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Consumption and efficiency differences climbing various grades

Discussion in 'Model X: Driving Dynamics' started by ohmman, Dec 5, 2016.

  1. ohmman

    ohmman Maximum Plaid Member

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    In @JimVandegriff's excellent trailer-pulling report, we noted a climb that seemed to defy the standards of consumption. That is, we noticed that, according to Jim's records, he seemed to consume more energy climbing a steep grade than he did climbing similar elevations on a more shallow grade.

    The question was raised (by me) whether a nominal unit of climb (let's call it 1000ft) could cost more in terms of consumption depending on the percentage grade.

    @ecarfan points out that the actual physics of motion seem to support the inverse. Since there is less rolling resistance to climb 1000 feet over a shorter distance, it seems like one would do better. @vandacca points out that it may have to do with efficiencies related to torque or heat created by the work being done.

    I thought it would be useful to split out and discuss separately. My recollection tells me that AC induction motors are actually most efficient at full load, so that would remove the motor from the equation. I believe @ecarfan has it right with regards to the actual physics of moving an object. There's a horizontal and vertical component. What about battery discharge efficiency? Does anyone want to chime in about that?
     
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  2. cpa

    cpa Active Member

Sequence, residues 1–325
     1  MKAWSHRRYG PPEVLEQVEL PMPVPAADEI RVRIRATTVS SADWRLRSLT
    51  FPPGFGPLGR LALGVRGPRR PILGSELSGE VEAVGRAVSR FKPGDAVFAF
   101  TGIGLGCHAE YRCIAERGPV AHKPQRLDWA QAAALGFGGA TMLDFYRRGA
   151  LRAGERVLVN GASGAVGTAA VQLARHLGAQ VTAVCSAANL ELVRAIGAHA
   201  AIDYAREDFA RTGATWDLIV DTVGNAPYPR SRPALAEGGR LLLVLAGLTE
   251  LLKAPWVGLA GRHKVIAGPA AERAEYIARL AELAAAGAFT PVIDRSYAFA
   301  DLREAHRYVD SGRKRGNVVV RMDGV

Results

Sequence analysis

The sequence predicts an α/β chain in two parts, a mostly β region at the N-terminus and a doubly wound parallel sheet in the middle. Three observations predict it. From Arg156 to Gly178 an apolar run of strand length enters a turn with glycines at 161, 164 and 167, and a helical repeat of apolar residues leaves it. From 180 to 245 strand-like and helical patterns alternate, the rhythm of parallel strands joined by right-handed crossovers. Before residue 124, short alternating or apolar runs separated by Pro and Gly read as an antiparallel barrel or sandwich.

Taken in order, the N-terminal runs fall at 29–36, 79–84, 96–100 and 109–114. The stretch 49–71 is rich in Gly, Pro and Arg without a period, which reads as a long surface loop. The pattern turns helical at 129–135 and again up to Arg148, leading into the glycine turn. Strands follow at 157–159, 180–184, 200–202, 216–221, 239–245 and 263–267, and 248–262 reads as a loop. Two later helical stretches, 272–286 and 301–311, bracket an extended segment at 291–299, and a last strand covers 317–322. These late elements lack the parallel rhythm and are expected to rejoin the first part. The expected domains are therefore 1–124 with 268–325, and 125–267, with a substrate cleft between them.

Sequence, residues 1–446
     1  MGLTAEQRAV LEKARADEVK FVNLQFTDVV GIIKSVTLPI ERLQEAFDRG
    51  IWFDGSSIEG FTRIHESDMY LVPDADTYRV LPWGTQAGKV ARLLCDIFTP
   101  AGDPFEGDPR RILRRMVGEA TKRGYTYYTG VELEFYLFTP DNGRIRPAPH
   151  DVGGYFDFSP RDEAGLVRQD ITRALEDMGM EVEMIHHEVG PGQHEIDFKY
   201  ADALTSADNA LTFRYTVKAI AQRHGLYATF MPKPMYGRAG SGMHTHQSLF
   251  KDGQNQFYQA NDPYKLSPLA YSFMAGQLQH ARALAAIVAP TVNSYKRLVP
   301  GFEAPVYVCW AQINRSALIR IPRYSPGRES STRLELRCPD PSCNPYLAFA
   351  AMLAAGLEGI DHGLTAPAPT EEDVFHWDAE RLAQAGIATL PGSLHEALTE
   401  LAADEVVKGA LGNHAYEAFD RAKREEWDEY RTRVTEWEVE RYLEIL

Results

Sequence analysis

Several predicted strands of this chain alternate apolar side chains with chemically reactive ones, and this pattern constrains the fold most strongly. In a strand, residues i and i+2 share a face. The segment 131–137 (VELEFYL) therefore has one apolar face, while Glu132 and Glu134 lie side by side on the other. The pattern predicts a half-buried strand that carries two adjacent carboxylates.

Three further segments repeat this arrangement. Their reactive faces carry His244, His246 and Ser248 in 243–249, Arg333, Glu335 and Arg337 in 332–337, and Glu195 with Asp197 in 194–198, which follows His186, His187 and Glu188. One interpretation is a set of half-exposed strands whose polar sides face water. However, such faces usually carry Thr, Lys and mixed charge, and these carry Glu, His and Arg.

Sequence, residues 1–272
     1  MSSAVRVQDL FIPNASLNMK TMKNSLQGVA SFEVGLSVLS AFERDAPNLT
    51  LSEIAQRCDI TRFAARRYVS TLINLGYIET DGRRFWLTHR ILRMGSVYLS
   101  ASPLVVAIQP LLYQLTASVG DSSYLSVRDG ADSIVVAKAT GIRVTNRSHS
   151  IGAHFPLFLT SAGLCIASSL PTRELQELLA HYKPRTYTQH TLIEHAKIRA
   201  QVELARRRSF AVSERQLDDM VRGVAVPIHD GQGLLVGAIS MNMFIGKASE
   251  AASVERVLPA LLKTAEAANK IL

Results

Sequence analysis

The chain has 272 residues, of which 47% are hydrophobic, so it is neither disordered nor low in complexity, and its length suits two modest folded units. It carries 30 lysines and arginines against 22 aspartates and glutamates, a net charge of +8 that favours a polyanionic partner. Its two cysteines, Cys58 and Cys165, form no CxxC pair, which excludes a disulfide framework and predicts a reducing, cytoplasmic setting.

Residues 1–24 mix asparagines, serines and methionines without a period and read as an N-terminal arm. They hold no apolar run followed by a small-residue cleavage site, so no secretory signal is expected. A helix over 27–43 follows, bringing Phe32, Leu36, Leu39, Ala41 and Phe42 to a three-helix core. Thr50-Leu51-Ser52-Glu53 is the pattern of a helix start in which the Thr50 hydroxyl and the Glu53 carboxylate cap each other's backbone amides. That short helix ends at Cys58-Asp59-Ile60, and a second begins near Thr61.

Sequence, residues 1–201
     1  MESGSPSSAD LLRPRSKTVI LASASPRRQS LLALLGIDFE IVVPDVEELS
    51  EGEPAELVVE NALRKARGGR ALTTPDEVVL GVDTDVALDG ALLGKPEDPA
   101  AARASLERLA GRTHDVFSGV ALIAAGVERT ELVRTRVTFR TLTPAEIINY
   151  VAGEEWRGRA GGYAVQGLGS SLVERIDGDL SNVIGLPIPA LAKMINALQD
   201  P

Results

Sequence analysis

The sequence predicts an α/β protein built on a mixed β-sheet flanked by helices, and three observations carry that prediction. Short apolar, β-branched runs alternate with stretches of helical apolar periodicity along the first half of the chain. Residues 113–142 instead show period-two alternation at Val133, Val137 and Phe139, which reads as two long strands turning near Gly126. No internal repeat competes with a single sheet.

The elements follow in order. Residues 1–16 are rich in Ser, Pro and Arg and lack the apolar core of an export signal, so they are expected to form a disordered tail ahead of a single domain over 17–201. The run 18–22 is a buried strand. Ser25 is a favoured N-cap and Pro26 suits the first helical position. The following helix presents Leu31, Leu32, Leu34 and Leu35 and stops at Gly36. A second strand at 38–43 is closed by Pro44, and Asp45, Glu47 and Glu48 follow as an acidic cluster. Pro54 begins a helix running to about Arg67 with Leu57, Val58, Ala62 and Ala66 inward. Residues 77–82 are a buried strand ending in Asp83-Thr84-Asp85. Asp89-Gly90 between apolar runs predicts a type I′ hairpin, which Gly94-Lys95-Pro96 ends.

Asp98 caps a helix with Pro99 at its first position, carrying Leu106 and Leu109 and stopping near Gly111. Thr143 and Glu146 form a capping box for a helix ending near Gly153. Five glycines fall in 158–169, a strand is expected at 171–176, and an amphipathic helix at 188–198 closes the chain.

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    Ohmman, since I know ZERO about these sorts of things, let me throw some softballs out there to all the physicists:

    I do not believe that all grades are equal. Highways undulate. Some grades are mostly straight and others have lots of curves. Many of the curves are banked. Many roads have multiple lanes for ascent along these curves. Temperatures affect air density which affects the amount of energy used. Clearly to me these are variables that would affect the amount of energy needed to climb a given distance.

    Would not these variables affect the energy needed to climb an X% grade over Y miles?
     
  3. Saghost

    Saghost Active Member

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    I'm not sure I've seen enough data to make an assessment. I would tend to agree that the physics suggest more efficiency on steeper hills, not less.

    I am pretty sure there's a misunderstanding going on, though - the 20 miles climbing and only 35 remaining is connected with reporting ~1.75 kWh/mile in the worst cases.